My grandmother died 20 years ago, but her grave has been a bit of an issue. She is buried in a family plot, which had been bought by her parents and left to her. Unfortunately, she did not leave it to my mother or uncle in her will, so technically it still belonged to her.
My mother only discovered this when she wanted to add an inscription for my uncle. He died in 1993, but my aunt (his widow) now felt the time was right to scatter some of his ashes on the grave. However, the cemetery officials told the stonemason they were authorised only to deal with the owner, which made life a bit difficult.
Not all churchyards and cemeteries are the same. In some cemeteries, you "rent" a space for a limited time. My sister told me that friends of hers had decorated a relative's grave in a local churchyard, only to be told that it contravened the terms of the "lease" and they had to change it.
In the case of my grandmother's grave, there are no restrictions at all as regards decoration, plantings or anything else. However, the plot is now full, and the only interments that can be made from now on are ashes. There is plenty of space for inscriptions, though, and I know my mother would like her ashes to be buried there when the time comes.
Anyway, to cut a long story short, my mother now has a certificate to say that she is the owner of the plot, the inscriptions are now in place, the marble has been cleaned and some lovely new crumbly topsoil installed. So after a delicious lunch of my sister's homemade (homegrown) courgette soup and a glass or two of pink Prosecco, we set off, trowels in hand.
My aunt had brought some cyclamen in varying shades of pink, and my mother had brought a spreading juniper. We all agreed my grandmother would have loved the cyclamen (she had a bit of a thing for cyclamen-pink lipstick) and that the juniper was just the right shade of air-force blue. (My uncle used to be in the RAF.)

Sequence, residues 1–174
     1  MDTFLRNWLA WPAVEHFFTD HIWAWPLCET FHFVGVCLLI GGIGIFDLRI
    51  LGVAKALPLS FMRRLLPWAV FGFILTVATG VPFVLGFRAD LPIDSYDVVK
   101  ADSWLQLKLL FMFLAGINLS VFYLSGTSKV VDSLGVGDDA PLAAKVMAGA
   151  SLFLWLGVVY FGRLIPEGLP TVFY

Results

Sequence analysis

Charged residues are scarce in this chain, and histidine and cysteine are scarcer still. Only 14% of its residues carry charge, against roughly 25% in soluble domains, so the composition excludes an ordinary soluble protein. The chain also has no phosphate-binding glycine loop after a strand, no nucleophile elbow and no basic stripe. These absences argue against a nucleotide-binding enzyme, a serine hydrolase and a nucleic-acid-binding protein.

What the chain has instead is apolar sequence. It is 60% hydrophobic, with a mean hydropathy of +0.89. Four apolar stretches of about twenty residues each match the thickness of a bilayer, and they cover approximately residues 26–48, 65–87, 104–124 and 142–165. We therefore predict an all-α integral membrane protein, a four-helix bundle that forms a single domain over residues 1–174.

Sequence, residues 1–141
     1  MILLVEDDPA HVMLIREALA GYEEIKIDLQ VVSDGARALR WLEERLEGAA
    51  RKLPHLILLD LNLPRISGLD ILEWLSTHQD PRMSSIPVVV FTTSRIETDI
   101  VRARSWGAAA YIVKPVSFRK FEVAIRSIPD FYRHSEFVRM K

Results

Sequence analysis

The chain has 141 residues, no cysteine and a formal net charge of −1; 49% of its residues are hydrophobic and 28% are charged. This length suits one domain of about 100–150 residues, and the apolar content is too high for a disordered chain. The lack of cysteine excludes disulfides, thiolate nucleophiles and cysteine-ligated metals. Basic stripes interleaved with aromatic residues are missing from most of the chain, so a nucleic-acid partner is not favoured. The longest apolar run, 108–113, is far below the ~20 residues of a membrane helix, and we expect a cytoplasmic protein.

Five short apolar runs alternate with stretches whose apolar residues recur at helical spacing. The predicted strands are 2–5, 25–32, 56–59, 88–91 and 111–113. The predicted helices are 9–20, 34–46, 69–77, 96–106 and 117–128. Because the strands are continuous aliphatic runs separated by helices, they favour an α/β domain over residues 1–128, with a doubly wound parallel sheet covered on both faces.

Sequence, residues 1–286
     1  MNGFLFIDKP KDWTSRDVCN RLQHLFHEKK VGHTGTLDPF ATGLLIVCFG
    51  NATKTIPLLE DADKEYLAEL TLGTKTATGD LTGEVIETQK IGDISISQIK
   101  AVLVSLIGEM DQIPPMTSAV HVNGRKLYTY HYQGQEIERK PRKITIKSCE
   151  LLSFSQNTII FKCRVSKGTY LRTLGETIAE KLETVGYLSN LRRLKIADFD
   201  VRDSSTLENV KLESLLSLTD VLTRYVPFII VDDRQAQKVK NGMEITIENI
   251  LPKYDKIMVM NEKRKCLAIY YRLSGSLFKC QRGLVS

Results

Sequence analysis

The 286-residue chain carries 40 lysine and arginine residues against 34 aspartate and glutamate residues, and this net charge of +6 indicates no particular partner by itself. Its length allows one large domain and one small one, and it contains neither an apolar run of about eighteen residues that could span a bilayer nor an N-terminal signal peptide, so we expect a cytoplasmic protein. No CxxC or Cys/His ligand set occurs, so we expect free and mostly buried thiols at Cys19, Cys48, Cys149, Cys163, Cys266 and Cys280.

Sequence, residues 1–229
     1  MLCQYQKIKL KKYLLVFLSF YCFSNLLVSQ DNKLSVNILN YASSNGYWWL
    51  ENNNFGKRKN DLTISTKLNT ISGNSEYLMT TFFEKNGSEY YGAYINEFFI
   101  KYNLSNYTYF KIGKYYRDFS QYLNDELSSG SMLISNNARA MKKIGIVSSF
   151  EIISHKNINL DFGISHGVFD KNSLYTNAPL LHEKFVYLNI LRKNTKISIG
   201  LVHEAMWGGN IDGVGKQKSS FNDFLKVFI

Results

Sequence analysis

My aunt scattering some of my uncle's ashes. I think the rest will probably go in the woods where they used to walk.
The finishing touch was a bagful of muscari bulbs in white and blue, which my aunt has asked me to augment in early spring with some English primroses.
As we worked away, the sun came out and it ended up being a lovely afternoon. I think both my aunt and my mother were worried that each might find the occasion a bit overwhelming but in fact, I think they both enjoyed it. It was poignant, of course, but in a good way.
As for us daughters, we loved seeing each other again. I don't see nearly enough of my cousins and even though the occasion was quite a solemn one, we still managed the odd fit of giggles as if we were all six years old once more.
I think the moral of this story is that it is worth thinking about all these things in advance, and perhaps setting out in detail what you want to happen. It may seem a morbid idea, but it can save a lot of heartache and hassle later on. And I also think that, rather than something that should never be mentioned, it can be quite comforting for people to talk it over and know what's going to happen, and where they are going to go. I know that's the case with my mother.